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The short answer is “no, although Windows 7 is probably a little safer.

That being said, there are a number of security measures that apply to any operating system, that are vital to a layered defense. Windows XP is only a secure operating system if it is updated regularly and operated by users who have some understanding of Internet security. Below are the four vital security practices to go with Windows XP:

1. Install operating system and application updates promptly.

Malware that exploits newly discovered vulnerabilities begins circulating within days, if not hours, of the public disclosure of those weaknesses. Patches (or workarounds) are generally issued as quickly as the software company can deliver them. There may be significant delays. The dark side often is ahead of the curve with “zero-day” exploits, those that take advantage of previously unknown exposures. It is vital that patches are installed as soon as there are available.

The most important updates will be those for the Windows operating system, Adobe applications, Microsoft Office and Internet Explorer or other browsers. These are the most commonly used things on computers worldwide, thus the most widely available and cost-effective targets of malicious operators.

The number one cause of compromised machines is lack of current updates. Microsoft issues patches on a regular basis on the second Tuesday of each month. (Information here.) Adobe has begun issuing updates on the same day.

2. Updated anti-virus applications are your first line of defense.

Having a good anti-virus application running on desktop machines and network can protect the small enterprise from a vast number of threats, including the most recent ones: banking Trojans, rogue security products and bot-associated malware.

Very small businesses with a few machines probably need little more than VIPRE desktop installations and possibly the Sunbelt Personal Firewall (Sunbelt info here.)

Small, medium and large businesses with Internet-facing networks might consider VIPRE Enterprise. (Sunbelt info here.)

VIPRE can stop previously unidentified malware by using MX-V advanced “behavior-based” scanning to spot its malicious behavior in a virtual environment before it infects the machine.

3. To add one more layer of defense, enterprises should consider doing online banking from a dedicated machine that is isolated from networks and not used for any other purpose (especially the exchange of email.)

Many of the banking Trojans that were used to illegally transfer $40 million from the bank accounts of small- and medium-sized businesses in the last five years were installed when someone clicked on an attachment or malicious link in an email. (Story here.)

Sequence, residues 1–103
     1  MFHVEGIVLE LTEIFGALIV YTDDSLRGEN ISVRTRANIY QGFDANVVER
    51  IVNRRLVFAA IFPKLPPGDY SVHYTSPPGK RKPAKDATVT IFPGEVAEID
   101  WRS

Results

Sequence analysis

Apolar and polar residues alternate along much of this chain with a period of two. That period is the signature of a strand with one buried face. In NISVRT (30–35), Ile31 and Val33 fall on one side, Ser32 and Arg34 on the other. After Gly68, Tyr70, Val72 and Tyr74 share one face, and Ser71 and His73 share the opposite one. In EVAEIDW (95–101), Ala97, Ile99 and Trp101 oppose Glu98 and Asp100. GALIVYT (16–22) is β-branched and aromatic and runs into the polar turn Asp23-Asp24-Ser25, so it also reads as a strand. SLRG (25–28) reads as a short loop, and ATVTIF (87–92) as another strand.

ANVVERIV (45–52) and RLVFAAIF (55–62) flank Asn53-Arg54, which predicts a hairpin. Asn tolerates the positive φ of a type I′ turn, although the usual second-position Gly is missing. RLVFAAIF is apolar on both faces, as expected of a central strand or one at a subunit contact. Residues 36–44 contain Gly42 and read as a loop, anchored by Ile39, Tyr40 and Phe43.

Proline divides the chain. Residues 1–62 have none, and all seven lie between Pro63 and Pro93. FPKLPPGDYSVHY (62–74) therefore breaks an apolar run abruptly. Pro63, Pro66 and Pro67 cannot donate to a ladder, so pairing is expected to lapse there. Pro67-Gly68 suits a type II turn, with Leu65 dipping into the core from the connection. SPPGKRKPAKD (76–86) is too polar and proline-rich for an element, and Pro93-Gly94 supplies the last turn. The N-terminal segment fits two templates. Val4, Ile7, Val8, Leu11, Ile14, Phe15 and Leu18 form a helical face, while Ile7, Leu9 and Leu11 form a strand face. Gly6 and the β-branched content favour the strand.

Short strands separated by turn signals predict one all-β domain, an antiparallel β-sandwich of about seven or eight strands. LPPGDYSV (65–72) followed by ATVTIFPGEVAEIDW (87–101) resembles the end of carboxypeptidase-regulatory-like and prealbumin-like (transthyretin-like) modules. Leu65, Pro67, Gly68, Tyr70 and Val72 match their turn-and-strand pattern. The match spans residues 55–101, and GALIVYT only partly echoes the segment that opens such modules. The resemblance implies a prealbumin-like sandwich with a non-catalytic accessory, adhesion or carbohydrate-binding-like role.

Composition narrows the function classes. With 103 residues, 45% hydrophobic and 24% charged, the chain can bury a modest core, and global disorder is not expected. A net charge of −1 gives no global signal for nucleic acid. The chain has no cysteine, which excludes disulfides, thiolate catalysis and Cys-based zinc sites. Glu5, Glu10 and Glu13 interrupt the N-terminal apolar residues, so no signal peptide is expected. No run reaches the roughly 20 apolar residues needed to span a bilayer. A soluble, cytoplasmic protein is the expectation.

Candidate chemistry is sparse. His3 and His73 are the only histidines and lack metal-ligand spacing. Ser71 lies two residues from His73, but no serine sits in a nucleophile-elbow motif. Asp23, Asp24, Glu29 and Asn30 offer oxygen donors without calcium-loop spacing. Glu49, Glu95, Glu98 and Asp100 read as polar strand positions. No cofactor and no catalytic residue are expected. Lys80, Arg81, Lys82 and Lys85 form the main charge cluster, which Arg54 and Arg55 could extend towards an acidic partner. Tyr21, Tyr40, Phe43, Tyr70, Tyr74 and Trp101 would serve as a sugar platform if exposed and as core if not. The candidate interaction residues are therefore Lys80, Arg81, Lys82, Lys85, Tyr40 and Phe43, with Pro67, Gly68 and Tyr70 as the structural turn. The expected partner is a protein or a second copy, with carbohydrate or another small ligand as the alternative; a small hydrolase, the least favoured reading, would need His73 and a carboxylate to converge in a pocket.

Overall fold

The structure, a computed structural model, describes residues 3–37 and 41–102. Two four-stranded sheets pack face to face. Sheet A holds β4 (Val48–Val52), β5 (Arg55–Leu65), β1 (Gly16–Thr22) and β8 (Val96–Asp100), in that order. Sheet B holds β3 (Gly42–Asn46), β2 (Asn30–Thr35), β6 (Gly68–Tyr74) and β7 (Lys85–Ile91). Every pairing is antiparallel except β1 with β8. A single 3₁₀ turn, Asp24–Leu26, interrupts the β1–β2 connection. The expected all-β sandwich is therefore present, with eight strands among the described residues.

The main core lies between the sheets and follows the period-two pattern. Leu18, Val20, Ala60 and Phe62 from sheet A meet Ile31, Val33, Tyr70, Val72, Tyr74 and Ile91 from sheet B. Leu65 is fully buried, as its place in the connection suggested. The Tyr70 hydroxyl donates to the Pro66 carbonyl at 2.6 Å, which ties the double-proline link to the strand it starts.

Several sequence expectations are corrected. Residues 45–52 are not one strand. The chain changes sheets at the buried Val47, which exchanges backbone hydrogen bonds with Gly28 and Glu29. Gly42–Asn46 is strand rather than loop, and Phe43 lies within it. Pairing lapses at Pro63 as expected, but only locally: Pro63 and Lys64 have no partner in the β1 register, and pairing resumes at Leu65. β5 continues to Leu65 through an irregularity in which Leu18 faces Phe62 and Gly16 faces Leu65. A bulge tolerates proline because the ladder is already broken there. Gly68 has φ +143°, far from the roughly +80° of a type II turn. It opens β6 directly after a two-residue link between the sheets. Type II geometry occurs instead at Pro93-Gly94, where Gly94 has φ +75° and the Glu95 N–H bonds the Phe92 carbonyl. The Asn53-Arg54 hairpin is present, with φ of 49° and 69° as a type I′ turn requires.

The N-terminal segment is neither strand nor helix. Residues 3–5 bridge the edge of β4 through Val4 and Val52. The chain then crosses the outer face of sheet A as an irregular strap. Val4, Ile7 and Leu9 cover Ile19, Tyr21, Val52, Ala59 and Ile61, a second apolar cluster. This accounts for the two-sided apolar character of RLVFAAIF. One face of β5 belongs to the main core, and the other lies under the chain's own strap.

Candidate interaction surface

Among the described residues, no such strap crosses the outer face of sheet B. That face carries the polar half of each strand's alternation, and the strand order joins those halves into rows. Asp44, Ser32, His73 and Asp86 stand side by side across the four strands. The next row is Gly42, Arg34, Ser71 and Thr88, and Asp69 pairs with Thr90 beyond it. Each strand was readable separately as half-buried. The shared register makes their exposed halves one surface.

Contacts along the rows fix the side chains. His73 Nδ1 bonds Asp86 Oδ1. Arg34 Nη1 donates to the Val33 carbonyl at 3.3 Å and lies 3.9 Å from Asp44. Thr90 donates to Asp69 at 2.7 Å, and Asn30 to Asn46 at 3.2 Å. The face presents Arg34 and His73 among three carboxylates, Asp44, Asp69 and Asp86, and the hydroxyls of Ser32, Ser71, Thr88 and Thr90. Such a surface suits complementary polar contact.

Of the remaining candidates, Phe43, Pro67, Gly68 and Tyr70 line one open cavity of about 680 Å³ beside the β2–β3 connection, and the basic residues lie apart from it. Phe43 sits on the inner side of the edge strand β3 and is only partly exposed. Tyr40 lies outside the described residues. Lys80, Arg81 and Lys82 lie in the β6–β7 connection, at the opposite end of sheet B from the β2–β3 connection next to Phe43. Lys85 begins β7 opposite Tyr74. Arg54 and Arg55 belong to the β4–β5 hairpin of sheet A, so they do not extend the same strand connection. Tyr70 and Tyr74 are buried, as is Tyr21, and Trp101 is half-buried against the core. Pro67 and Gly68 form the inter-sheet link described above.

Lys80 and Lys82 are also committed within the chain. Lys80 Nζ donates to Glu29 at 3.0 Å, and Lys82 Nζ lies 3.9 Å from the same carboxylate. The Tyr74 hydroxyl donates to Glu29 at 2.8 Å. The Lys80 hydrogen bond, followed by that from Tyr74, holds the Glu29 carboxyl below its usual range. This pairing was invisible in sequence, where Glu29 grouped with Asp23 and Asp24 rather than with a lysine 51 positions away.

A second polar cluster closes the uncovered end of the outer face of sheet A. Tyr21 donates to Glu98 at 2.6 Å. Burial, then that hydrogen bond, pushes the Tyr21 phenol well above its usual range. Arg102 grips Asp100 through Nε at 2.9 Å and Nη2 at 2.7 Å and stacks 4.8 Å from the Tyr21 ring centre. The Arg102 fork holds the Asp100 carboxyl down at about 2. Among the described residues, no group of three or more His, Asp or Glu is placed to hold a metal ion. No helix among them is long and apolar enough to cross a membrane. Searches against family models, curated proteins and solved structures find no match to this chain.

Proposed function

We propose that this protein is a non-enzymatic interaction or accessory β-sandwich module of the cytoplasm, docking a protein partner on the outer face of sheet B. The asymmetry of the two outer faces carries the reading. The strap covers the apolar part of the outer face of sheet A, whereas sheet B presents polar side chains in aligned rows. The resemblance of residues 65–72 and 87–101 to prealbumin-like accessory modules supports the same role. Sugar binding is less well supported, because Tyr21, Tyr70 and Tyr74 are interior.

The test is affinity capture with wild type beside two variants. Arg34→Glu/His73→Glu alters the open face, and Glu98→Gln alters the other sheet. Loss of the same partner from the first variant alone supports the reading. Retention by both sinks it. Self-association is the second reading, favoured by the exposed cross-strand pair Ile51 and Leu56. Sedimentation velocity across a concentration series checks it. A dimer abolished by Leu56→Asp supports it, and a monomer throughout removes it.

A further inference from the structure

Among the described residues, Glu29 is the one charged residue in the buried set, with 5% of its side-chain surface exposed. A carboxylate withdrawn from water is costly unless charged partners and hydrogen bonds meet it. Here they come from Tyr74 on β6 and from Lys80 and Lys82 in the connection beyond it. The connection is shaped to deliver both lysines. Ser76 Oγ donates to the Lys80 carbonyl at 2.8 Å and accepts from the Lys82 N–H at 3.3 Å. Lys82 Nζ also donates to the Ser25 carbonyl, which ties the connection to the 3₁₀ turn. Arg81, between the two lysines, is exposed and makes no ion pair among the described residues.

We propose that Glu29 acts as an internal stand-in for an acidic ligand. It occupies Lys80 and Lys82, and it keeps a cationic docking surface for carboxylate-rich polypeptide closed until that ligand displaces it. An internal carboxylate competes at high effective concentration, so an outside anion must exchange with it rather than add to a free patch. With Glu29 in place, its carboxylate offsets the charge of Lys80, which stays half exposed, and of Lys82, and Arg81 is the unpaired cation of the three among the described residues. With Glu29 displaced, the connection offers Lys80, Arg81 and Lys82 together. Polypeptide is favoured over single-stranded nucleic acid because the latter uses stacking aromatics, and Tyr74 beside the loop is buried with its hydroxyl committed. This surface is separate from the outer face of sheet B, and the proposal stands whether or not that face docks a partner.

Also in the last few years there have been numerous spear-phishing campaigns targeting company financial personnel whose machines are used to log onto online banking sites. In some of these, the banking Trojans or their downloaders arrived in email messages with malicious attachments disguised to look like legitimate accounts-receivable correspondence.

4. Providing employees with computer security training can reduce the risk of attacks based on social engineering.

Every day an uncountable number of people are using the Internet for the very first time. Unless they have some kind of instruction, they will quickly fall victim to social engineering gimmicks. These trigger malicious applications that arrive by email or are downloaded from hacked or malicious web pages. New scams begin circulating almost on a daily basis and are aimed at millions of users through email spam originating in botnets or hacked social networking accounts. Employers need to educate employees, especially new ones, about Internet safety and give them a way to keep up with new threats.

The Sunbelt Blog and the threat index on the VIPRE agent interface provide daily updates on the threat landscape for experienced and inexperienced Internet users.

Desktop threat index

Double clicking on the Threat Index graphic takes users to the Sunbelt web site and a description of the most current threats that are making news:

Desktop threat index 2

White papers on security

On the Sunbelt web site, we also have white papers, some written for inexperienced Internet users, in the Sunbelt Research section.

Two of them, especially written for new users are:

“How to Tell If That Pop-Up Window Is Offering You a Rogue Anti-Malware Product”

“What’s in your spam bucket?”

Thanks Stephen in Victoria, BC, Canada, for asking.

Thanks Alex

Tom Kelchner